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Glossary of Soapmaking Terms

Seasoned soapers and beginners alike should use correct terminology and Seasoned soapers and beginners alike should use the correct terminology and acronyms to communicate their messages clearly and to understand information correctly.

If you are new to soapmaking, it is essential to know and use correct terminology when embarking on a new soapmaking adventure.

Below is the vocabulary of the most common terms used by soapers at all levels.


An optional ingredient that is not an integral component of the soap itself. Lye, water, and oils/fats are the mandatory constituents of a soap recipe. Additives modify the soap by giving it fragrance, color, exfoliating properties, moisturizers, etc. These ingredients are added to your recipe at a light trace.

Aromatic Oils  (Fragrance Oils)

Oils made of synthetic aromatic chemicals and carrier oils such as mineral or olive oils.

Base Oils (Fixed Oils)

Non-volatile oils that can withstand high temperatures without evaporating. Olive, vegetable, palm, and coconut oil are fixed oils. Fixed oils are also called Base Oils.


Any acidic or basic substance that is able to burn or damage organic tissue by chemical reaction. Lye is caustic.

Cold Process (CP)

Soapmaking process that does not involve heating of the mixture. The lye solution is added to the mixture of oils and melted fats while being stirred by hand or with an immersion blender. Additives may be introduced to the recipe when the light trace is reached. The resulting soap batter is poured into molds and insulated to keep them warm for hardening. After 24-48 hours the soap becomes hard enough to be removed from the molds and sliced into bars.

Cold-processed soap bars must cure on drying racks for 4 to 6 weeks to complete saponification and to harden more by dehydration.


Aging of the soap made by cold process, to complete saponification and to solidify the soap by dehydration. Curing begins when the soap is removed from the molds, cut into bars, and placed onto drying racks. Curing usually takes 4 to 6 weeks. Curing produces a mild and solid bar that lathers very well and lasts a long time.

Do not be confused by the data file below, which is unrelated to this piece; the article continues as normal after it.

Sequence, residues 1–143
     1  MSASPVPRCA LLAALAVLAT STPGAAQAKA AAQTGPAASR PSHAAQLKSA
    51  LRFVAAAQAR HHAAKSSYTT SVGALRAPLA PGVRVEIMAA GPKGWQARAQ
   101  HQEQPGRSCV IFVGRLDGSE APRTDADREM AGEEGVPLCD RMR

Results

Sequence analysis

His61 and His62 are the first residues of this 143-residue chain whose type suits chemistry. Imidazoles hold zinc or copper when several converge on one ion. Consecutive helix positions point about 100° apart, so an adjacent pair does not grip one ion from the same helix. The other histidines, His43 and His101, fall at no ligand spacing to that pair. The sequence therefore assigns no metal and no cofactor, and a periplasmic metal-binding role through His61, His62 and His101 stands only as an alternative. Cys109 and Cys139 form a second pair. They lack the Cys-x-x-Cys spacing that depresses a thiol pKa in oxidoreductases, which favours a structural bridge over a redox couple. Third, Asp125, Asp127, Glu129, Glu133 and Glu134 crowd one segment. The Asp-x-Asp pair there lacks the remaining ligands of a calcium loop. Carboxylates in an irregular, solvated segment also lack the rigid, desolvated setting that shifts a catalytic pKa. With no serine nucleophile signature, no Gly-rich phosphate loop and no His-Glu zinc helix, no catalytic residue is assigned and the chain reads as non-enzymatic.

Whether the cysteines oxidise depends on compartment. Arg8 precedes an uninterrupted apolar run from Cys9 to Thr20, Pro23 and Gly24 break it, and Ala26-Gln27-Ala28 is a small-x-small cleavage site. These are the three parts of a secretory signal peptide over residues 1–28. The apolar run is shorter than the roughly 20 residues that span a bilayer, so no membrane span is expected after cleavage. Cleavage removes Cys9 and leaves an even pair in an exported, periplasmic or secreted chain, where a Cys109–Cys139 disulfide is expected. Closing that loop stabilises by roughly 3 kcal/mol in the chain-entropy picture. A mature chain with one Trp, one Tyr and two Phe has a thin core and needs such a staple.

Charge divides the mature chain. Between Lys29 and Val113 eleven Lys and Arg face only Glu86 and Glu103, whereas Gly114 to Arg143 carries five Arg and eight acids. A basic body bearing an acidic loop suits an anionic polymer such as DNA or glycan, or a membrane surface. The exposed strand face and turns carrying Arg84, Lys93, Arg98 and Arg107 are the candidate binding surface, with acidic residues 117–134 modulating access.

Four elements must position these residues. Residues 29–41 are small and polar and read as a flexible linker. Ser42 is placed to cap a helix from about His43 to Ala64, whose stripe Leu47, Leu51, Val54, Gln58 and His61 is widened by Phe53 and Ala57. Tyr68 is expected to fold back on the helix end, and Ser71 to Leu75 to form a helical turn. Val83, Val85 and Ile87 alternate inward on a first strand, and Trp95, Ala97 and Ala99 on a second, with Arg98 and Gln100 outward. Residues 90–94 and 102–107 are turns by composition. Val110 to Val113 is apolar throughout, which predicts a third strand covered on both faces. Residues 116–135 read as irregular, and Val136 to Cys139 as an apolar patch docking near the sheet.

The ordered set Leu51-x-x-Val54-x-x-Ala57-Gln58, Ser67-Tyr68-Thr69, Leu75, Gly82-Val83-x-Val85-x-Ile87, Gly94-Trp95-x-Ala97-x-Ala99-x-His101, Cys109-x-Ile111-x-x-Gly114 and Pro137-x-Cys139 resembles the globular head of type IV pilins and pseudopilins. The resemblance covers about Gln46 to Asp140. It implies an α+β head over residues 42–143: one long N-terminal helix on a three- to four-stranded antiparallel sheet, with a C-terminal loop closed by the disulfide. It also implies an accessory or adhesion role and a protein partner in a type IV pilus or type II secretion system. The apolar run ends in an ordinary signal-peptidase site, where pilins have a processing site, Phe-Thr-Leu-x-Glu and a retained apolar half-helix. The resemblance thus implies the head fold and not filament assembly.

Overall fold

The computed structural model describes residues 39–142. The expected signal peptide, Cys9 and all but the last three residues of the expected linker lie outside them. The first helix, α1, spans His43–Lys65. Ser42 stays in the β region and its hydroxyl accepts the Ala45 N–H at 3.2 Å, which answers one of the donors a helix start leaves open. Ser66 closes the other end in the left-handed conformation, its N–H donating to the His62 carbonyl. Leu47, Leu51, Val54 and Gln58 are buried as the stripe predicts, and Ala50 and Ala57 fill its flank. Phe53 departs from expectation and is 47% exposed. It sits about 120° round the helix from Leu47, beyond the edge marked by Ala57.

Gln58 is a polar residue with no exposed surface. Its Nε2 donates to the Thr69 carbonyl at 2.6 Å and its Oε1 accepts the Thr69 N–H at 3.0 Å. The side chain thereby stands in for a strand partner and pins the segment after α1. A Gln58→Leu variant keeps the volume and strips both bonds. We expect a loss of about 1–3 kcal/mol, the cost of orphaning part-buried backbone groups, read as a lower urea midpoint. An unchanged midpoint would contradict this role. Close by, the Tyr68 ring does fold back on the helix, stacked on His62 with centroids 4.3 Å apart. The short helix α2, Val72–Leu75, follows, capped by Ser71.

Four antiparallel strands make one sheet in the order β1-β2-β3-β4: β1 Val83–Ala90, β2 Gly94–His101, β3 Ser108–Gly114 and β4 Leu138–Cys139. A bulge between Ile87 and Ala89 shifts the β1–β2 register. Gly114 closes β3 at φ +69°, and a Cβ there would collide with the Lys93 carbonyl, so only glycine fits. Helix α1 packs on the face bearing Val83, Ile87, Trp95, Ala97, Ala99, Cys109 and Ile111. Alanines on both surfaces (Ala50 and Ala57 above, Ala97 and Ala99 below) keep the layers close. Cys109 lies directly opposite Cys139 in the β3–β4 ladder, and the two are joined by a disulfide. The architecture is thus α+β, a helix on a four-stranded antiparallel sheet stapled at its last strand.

Reduction of the amount of a particular ingredient in saponification reaction. Discounts are usually shown in percentages.

A Lye discount is used to reduce the amount of lye required to saponify all of the oils and fats in the recipe. Discounting lye results in using up all of the lye and having some extra oils left in the soap. Lye is usually discounted at 3-10%.

Water discount is cutting back on the safe amount of water to speed up the solidification of the soap while it’s being cured. A safe amount of water is 36-38% of the total amount of oils and fats used in the recipe. This amount of water is easiest to work with as it gives you enough time to pour the soap into the molds after it has reached the trace. Be careful discounting water. Too little water speeds up saponification and may cause your soap to seize in the mixing bowl. Discounting water below 30% is not recommended.

Discounting certain ingredients also allows the addition of excess oils and other additives.

Essential Oils (EO)

Oils with natural scents extracted from plants. These oils may be added to soaps to create scented soaps.

False Trace

Thickening of the soap batter to a consistency that resembles Trace. False trace may happen when hard fats, such as tallow, are used in a soap recipe. The soap batter will thicken faster because the hard fats start solidifying at room temperature.

False trace should be avoided as you soap may produce pockets of lye that will be harsh on the skin.

To prevent false trace from happening, keep your soap batter above the melting temperatures of your hard fats.

Fixed Oils (Base Oils)

Non-volatile oils that can withstand high temperatures without evaporating. Olive, vegetable, palm, and coconut oil are fixed oils. Fixed oils are also called Base Oils.


The minimum temperature at which a volatile liquid vaporizes to form an ignitable vapor. They will burn only in the presence of an ignition source and may stop burning when the ignition source is removed.

Flashpoint is used to determine when to add essential oils and fragrance oils to the soap. If the oil is added to the soap at a temperature that is higher than the oil’s flash point, the oil will evaporate and the soap won’t have the fragrance.